So while we are present in our homes, we can be more present in our bodies, and in how we are coping within everyday situations. We can catch some good habits and spread them among our fellow men.
staying in touch (without touching)
In an interview with the Globe and Mail about his new book ‘A History of Solitude’, David Vincent explains that: “Solitude means being comfortable with your own company. Loneliness is being uncomfortable with your own company. The challenge in front of us now is to keep everyone on the right side of the border – toward solitude not loneliness.”
The solitude of this moment reminds me of apocalyptic fiction, and it sure feels like ‘The Walking Dead’ series helped us prepare for this moment. The quieted, empty streets, and the dread of a horror sweeping in all around us. A key lesson for me from that show was the need to find and nurture a group of supportive allies, to find community.
Our regressive ideas of manhood – that sharing emotion is weak, and being emotionless is ‘strength’ – can end up becoming the emotional prison we isolate ourselves in. The beauty is that the door is unlocked.
Through this physical isolation, maybe we can break out of our emotional isolation, reject violence against others, and habits of self-destruction.
While conversations of self-care are so important, it can present a challenge for men when it comes to the ways we are programmed to retreat into ourselves, solve it by ourselves, and project to the world that we are handling it by ourselves. Making ourselves an island isn’t self-care. We need to take the lead in doing the inner work, but this doesn’t mean we have to do it alone. We can reach out for professional help online, and we can also lean on and nurture a circle of people who support us and want to help us grow.
Harriet Lerner once said: “If we only listened with the same passion that we feel about being heard.” We can let go of thinking that the value we bring as men is to be a solution, or to fix things. In talking to Angus Coll-Smith, a private mental health and addictions counselor, he highlighted the importance of holding space for one another as men:
“Sometimes we don’t know what to say. Sometimes we don’t need to say anything at all. How refreshing it can be to find someone who can just listen and hold space non-judgmentally. How it must feel to be that person. Then imagine how it would feel to find someone like that to open up to. Someone who won’t judge. Or problem Solve. How refreshing it can be to just talk. How nice it can be finding a group of like minded individuals (or an individual ) to help normalize what we’re feeling and remind us we aren’t crazy for thinking or feeling a certain way, and we most certainly aren’t alone.“
A friend might feel like they are stranded on an island—so reach out. It is amazing how just one act of kindness can put wind in someone’s sails, enabling them to find their way home. Learning to actively listen, and sharing it through modelling it, is contagious. Once you do it, other men feel permission to do the same. Relationships Expert Jessica O’Reilly talks in this clip about acts of kindness reducing anxiety.
Right now, that is the kind of community spread we need.
be gentle with yourself and others
Consider this a moment to work on tools and skills we can take forward post-physical distancing and continue to work on for a lifetime. In speaking with my friend Ten (who speaks a lot about feelings) they said: “I really love the concept and practice of self-compassion and I think it’s a super amazing tool for creating more ease and more space in our lives. Kristin Neff’s website self-compassion.com is an incredible resource and great place to start. I think a lot of men might be excited to know that being kind to yourself is supported by solid research. Her book with Christopher Germer called The Mindful Self-Compassion Workbook is also great.”
Imago Relationships offers this resource of tips for relationships quarantining together with steps to make it safe to listen and talk with mutual respect and real connection (and there are more resources at the bottom of this post!) Yung Pueblo says: “Improvement is increasing the moments where you act intentionally while also not punishing yourself because you still have room to grow.”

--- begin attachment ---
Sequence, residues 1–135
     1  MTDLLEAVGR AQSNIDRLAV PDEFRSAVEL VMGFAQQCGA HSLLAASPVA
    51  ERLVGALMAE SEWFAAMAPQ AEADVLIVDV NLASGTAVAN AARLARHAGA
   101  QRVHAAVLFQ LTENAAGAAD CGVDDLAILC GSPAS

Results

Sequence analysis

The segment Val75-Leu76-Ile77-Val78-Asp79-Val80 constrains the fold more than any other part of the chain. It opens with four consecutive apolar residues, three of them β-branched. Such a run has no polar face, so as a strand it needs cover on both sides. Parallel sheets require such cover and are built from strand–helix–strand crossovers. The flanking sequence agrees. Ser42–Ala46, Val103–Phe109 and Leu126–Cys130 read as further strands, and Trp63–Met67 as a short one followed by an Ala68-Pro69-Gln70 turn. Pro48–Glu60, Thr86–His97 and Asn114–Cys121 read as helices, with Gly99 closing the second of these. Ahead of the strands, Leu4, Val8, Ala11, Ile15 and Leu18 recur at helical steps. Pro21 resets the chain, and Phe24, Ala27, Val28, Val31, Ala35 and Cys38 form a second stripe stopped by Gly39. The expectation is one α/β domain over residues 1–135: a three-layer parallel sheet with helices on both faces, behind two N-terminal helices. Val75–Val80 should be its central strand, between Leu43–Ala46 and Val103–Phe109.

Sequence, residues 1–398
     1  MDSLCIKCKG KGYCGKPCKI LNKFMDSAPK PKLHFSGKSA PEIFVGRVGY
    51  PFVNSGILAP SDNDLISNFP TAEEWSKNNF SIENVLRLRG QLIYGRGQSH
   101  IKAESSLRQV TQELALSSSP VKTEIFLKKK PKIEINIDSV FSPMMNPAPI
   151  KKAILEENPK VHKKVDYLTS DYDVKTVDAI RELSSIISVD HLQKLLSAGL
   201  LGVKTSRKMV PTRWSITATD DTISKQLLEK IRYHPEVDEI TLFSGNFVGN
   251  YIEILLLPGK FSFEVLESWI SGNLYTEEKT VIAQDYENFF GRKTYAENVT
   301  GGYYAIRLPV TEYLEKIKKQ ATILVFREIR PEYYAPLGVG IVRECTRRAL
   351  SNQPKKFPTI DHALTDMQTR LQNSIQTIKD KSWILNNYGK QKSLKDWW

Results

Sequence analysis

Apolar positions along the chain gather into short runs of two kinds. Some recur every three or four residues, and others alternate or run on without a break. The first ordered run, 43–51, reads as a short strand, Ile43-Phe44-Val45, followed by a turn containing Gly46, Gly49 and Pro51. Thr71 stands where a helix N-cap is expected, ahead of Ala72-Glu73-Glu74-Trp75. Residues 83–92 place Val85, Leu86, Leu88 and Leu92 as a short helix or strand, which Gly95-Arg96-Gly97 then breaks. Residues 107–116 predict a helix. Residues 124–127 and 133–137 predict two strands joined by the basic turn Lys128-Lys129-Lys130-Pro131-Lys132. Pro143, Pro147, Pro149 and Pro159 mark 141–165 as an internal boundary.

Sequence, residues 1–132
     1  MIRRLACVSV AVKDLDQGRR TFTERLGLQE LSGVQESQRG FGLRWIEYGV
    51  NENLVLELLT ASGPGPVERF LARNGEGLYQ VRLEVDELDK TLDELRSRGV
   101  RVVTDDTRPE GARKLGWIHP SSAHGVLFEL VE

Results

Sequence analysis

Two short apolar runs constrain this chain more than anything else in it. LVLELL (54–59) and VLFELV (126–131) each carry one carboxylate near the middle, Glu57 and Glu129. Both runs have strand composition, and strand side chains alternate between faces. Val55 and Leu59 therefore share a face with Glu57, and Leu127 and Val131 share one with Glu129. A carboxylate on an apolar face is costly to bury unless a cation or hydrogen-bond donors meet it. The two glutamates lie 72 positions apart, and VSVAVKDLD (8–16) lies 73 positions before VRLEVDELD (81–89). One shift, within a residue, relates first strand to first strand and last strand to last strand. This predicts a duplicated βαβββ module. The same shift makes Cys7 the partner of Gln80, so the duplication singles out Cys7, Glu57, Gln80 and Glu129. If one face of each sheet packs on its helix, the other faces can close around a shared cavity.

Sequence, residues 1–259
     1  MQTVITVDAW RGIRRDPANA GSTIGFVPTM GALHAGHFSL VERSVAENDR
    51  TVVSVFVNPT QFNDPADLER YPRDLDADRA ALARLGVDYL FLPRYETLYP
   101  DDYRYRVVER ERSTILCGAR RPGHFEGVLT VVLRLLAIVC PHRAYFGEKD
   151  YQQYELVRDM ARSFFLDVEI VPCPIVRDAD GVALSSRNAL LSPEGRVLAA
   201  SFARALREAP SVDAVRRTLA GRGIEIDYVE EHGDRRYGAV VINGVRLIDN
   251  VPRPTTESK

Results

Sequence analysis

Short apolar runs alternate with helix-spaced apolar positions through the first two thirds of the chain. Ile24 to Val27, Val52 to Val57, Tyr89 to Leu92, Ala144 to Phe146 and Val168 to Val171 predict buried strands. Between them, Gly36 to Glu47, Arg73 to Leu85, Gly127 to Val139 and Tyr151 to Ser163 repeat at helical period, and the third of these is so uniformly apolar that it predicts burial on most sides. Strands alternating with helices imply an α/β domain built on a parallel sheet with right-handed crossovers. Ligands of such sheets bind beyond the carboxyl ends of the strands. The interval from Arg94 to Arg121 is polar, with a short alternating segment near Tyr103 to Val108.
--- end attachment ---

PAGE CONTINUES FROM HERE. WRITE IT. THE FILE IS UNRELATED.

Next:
In this moment, more of us are realizing that Our World is a village of relationships.
Many of us spent the last few years grieving over the illusion of community. Perhaps within our collective struggle through anticipatory grief, we can truly foster community. Think of this as an opportunity to reset. A world where we look out for one another, prepare for tomorrow but stay in the moment, check in with ourselves and others, and tell each other ‘I Love You’, is not so far away.
Edited by Ten and Rachel Brittain
emotional immunity tips for men in social isolation
- Avoid the virus, not your feels.
Learn to identify and name what you are feeling.
- When you can name what your feeling, take a step back, breathe, and determine a constructive way to address it.
Don’t diminish your feelings, or those of others. Take a walk, step back, meditate, leave the room for a bit, or stop scrolling through news feeds if you’re feeling something is activated inside.
- Check in with yourself.
Take a deeper look at what’s making you feel a type of way. Release any anger in a healthy and mindful way.
- Check in with your partner.
Talk about what you are working through. You need to do the heavy lifting, but they can be there to help spot you.
- Check in with a professional
Explore resources available for you online.
- Self-Care for Men doesn’t mean do it all by your Self: Community Care is key.
Build community among the men in your life. Text, or SkypeFaceZoomTime with a friend. Listen. Listen some more. Share. Open Up.
- Spread Kindness. Spread Love.
spreading resources for men during this time of physical distance and furthering connection.
Keep Your Relationships Strong during Coronavirus Quarantine
Coronavirus Support Guide: How to Fortify Your Relationship and Navigate This Time Together
Jane Clapp’s Free COVID-19 Co-Regulation Session
Learn about Social and Emotional Isolation
Mighty Feels: I’m Having a Feeling and it’s Loneliness.
Anger, The Guardian of Our Boundaries with Alistair Moes (podcast)
How to Release Anger
Working from Home – A Guide for your Wellbeing
That Discomfort You are Feeling Is Grief
Links to Resources and Supports for Women facing Violence.
‘Why Does He Do That? Inside The Minds of Angry and Controlling Men’ by Lundy Bancroft
Jeff Perera on the Unshakable Man Podcast discussing intimacy and vulnerability in male to male friendships.
About jeff perera
Jeff Perera has spoken to tens of thousands of people of all genders across North America about our ideas of Manhood, and how we as men can Be the Lesson in Action.